sample such as we did. Walking ten yards in it is impossible, on account of the vines,
parasitical plants of all kinds, aereal roots, cree;vfrs, bamboo etc. Most of the large
trees, some 150 feet tall + aver, are literally rhuge cascades of vines, ferns, orchids
and parasites. Many of the tropical trees drop roots down from their branches, 100
feet and over in the air, vines climb thea)roots, ferns and orchids lodge in them,
until finally a solid mass of vegitationtis formed. Much of the way we could hear
the monkeys scolding and chattering in the tree tops, but could not see them till
finally we got out of the cars to walk, and around a sharp turn came up to a big tree
alongside the road that was filled with them. They were scrambling about, swinging
by tails etc. and making the most enormous jumps and drops from one branch or tree
to another. Mr. Miles got a good picture of one in nid-air not 100 feet away. The
jungle is filled with animals, including elephants, but they keep out of sight.

That afternoon later Mrs. Anthony, wife of the G.M. of the R. R. took me
to the pawn-shops to purchase, some of the native work, then we dined with them at
their home, a very good dinner in a lovely house, and next morning our car was DUt on
the fast train to take us to Penang, where we were to spend a couple of days. The ride
was most interesting, thxu? the native settlements, but on arrival at the dock where
the ferry meets the train (Penang is on an Island) a launch dashed alongside with
a note saying that ourship was in the harbor only waiting for our arrival to sail.
Thenlive did have a scramble with luggage, and finally tiambled on board to find the
agent of the line, and the Harbor Master awaiting us to give us tickets, examine our
passports etc. and in a short time we were off. The movement of these ships in
Eastern Waters is theTeverlasting mystery. They come and go at any old time, and
were it not for7:our friends "at Court" we would certainly have missed this one. But
we shall have a couple of days extra at Rangoon, which we can use to advantage, by
going to Mandalay and sailing down the irawaddy River. Burmah is little visited and I
am told a most interesting country.




LCopy of a handwritten letter by Benjauin Strong to his rother,
in son Benjamin's
possession in July 1969]
You racy be wondering how we get along in the tropics.
It is quite
different frog what we e:opected. The sun is intense, without
being so hot,- if
you can grasp the distinction. It rarely gets above 02. but
one must wear a thick sun
helmet, and white clothes, preferably linen or cotton.
The nights are almost always
cool, at least not hot, the air is heavy with humidity,
but in the shade, with the
constant breeze of the S.W. uonsoon, one is ruch
more comfortable than in N.Y.on a hot hur_j_cl day.
But we take every precaution, and have been rewarded by
eacaping
all trouble. Soue of the precautions are amusing.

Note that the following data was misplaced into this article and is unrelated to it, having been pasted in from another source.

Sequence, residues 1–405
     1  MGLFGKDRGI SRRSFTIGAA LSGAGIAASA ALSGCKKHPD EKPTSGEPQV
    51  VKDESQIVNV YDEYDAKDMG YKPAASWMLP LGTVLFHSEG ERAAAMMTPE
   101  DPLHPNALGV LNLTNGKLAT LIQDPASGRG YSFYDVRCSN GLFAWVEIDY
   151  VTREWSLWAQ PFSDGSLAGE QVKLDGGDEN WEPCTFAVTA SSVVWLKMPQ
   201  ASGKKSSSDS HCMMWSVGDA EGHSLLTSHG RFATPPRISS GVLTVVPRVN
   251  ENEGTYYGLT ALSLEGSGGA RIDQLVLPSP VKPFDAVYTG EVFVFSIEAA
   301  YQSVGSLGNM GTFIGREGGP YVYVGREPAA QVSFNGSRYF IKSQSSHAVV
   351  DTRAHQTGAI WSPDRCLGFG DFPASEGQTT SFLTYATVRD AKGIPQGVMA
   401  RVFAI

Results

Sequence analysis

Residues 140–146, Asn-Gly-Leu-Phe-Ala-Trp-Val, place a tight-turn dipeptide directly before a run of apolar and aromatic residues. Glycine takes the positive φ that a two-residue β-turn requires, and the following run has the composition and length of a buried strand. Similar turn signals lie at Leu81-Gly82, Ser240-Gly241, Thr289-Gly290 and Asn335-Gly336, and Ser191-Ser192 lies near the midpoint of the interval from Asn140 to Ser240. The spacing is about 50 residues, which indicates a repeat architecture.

We never drink any save bottled
nineral water,- not even boiled water, lest the boiling
is incomplete. This applies
also to brushing teeth, at ten cents a brush:
Try brushing yours with soda water.
It gives one a funny sensation. We drink gallons of water d day.
Mr. Miles and I
have one gloz. bottles sent to our room every day and use it all,
not to mention what
we have at teals and otherwise.
Often three bottles at a crack: Then we change our
clothes as often as possible.
Clahrmy underclothes are badj- in ten days recently,
T had a wash of 122 pieces: One or two white suits
a day will keep one feeling refreshed and dry. Ben A- T. wear a heavy woolen abdominal
band, which keeps ones middle
from feeling clammy, and is supposed to be good.
Also take as many baths as possible,
but not after sundown, when one can easily get chilled.
Also a minimum of alcoholic
drinks. We eat no fish, except where
it is sure to be safe. Every day possible sleep
after tiffin and as important as anything,eat all we
can hold. Every night we sleep
under mosquitoe nets, an important safeguard.
Also we never eat uncooked vegetables,this whole country is more or less infected because of
the unsanitary habits of the
natives, and because of the vast area that is irrigated by polluted
water. But reasonable care enables one to be as safe as at hone.

One
it gets notldy.
with both moths
we have added a
things to brin'

nuisance is OUT luggage. Trunks :lust be opened and
clothing aired or
I have two pounds of calpher in my two trunks, which helps
a lot
and moisture. Our luggage grows as
we progress, for books accumulate,
dozen suits or more each, for this climate, and
we buy a good many
or send hone, not to mention photographic stuff by the ton.

Our ian, OT boy as they say here, is
a great comfort and a greater scoundrel.
He is the greatest rustler of luggage and abuser of his
is likewise a thoroughly artistic thief, short change is countrymen I ever saw. But he
makes some sort of a rake off on things we buy, laundry, one of his specialties. He
rikashaw boys, and I surmise on
Tany other things. We always hold back his
pay, owing him as a rule about 1;50 gold, for
fear he lay decamp and desert us,- and I also have his passport
safely in my possession.
They are all the same, however, on as bad as another, and what he
gets he earns, whether
stolen 02 not, for he saves us all
the botherations of travel, and affords us no end of
ii:'erent. Wait until you see his pictures.
They show the man,- crooked as a dogs hind
lo

Now I rust quit. I shall get a letter off
home from Rangoon, T. hope, and some
time, possibly there, have a chance to get the pictures
printed. Give lots of love to
all the family, and ]-Alch to you from

Your loving son
B.S.Jr. sends his love.




Ben.

Q




4t

[Excerpt

no

┬░June 4, 1915,

;_etu r to brother,Dr. Archibald M. Strong,serving in Servia, by Strong,
In son Benjamin's possession, July 1969]

"Personally, I have felt a good deal of concern about the whole European
situation. It becomes more calplicated and in an economic sense, more dangerous each